The decision follows a review led by Carlos Ghosn, chief executive of both Renault and Nissan, that explored how the alliance could manage its brands, which include Dacia and Infiniti, more successfully.
Renault has created a chief marketing and communications officer role, which will be taken up by Stephen Norman, a former senior vice-president for global marketing.
He will report to executive vice-president, commercial division, Jerome Stoll, and chief operating officer Patrick Pelata. Frederique Le Greves, formerly vice-president for corporate information, will be Norman's deputy.
Meanwhile, at Nissan, a new Global Marketing Communications division will be led by current senior vice president for global planning and program management, Andy Palmer.
Simon Sproule, currently global director of communications for the Renault-Nissan Alliance, will rejoin Nissan as corporate vice president for the newly established team, reporting into Palmer.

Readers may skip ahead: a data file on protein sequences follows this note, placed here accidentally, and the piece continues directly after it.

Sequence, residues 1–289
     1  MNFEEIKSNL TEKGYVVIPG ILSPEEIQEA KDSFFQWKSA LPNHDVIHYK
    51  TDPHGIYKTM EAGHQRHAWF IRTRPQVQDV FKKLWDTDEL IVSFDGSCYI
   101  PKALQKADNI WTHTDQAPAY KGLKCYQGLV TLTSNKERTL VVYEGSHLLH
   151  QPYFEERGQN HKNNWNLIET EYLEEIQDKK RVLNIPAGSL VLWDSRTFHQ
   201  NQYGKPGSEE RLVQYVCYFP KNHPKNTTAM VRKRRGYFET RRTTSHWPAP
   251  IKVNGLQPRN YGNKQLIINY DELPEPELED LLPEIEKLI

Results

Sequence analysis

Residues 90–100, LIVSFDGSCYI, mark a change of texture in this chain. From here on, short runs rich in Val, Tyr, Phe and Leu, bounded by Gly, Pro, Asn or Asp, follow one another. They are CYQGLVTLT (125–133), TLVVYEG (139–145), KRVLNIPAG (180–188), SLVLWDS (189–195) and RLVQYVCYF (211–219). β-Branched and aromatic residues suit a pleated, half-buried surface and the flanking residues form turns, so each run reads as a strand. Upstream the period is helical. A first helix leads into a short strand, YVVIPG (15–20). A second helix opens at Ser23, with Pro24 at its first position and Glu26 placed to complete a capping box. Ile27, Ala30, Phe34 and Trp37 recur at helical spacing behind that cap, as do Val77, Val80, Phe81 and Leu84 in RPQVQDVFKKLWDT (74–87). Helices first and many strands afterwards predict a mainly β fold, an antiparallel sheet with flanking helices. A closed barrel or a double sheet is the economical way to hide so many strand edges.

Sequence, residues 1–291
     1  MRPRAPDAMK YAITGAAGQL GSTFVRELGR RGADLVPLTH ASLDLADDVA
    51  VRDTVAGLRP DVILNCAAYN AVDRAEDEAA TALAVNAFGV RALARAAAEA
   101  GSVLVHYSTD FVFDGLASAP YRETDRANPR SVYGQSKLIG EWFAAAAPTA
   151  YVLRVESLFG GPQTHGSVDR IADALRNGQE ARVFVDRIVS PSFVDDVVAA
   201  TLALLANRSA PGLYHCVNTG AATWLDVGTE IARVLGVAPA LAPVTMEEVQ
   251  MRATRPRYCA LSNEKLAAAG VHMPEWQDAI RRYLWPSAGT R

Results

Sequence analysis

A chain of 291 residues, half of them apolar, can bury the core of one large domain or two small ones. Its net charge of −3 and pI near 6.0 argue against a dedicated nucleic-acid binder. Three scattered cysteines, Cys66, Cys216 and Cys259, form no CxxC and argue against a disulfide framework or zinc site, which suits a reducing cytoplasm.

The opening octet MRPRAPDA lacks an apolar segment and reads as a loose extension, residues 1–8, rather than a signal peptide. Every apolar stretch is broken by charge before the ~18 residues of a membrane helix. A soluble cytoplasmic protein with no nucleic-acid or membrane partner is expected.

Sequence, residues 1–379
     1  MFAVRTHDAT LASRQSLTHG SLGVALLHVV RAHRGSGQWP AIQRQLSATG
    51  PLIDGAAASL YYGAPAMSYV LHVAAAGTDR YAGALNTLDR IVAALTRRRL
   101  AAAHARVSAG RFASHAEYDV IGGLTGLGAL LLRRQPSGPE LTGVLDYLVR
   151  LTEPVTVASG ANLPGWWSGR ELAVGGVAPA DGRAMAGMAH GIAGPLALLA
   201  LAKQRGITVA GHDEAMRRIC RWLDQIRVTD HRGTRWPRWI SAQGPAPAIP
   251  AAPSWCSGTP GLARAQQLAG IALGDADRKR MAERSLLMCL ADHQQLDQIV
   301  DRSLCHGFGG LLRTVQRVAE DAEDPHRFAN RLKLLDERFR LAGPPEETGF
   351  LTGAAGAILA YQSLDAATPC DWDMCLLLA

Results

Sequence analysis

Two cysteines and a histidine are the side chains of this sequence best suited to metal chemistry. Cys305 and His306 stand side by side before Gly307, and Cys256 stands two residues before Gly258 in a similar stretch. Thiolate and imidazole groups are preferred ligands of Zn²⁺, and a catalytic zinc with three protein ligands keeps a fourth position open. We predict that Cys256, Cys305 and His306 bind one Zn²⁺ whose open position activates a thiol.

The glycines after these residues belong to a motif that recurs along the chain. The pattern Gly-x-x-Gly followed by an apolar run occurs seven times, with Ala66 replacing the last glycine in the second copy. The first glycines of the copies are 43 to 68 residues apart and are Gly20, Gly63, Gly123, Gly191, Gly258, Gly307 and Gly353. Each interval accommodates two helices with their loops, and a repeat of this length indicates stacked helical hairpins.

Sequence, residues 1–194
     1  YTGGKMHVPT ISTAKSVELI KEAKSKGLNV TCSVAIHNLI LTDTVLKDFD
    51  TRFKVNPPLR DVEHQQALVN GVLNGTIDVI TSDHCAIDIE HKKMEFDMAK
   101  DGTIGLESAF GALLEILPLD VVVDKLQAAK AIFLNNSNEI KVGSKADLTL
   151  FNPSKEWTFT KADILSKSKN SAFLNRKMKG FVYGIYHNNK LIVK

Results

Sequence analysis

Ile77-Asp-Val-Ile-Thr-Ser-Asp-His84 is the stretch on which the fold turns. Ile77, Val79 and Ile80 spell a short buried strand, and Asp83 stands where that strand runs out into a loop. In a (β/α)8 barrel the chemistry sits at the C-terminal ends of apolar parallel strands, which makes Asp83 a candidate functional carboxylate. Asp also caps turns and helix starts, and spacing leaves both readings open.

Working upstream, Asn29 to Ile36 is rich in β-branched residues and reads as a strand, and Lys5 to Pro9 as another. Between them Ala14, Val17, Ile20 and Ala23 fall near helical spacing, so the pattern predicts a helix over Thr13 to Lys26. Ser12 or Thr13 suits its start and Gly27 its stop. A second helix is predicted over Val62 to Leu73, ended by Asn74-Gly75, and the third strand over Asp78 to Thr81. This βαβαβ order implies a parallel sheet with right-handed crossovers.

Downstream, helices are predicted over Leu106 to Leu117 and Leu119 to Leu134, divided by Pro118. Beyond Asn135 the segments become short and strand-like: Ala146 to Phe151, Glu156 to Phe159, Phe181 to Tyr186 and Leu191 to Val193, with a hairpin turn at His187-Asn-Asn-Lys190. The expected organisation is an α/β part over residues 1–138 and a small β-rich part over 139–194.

A source at the company said the growth of new media channels – in particular, social networking websites – had created a widening overlap in the activities of the marketing and PR departments, so it made sense to unify the teams.
Future Renault marketing is likely to follow the integrated cross-platform approach adopted for the current 'Megane Experiment' activity. This includes TV and print ads that show a French actor attempting to convince residents of a Lancashire village of the advantages of the Megane model, while pushing consumers online for further content.
Renault claims the chief marketing and communications officer position is a first for a major car manufacturer, but such roles are becoming prevalent at big brands.
Unilever's top marketer, Keith Weed, for example, is taking on the communications brief, as well as the chief marketing officer responsibilities held by his predecessor, Simon Clift.
Other high-profile figures in a similar role include lead Aviva marketer Amanda Mackenzie.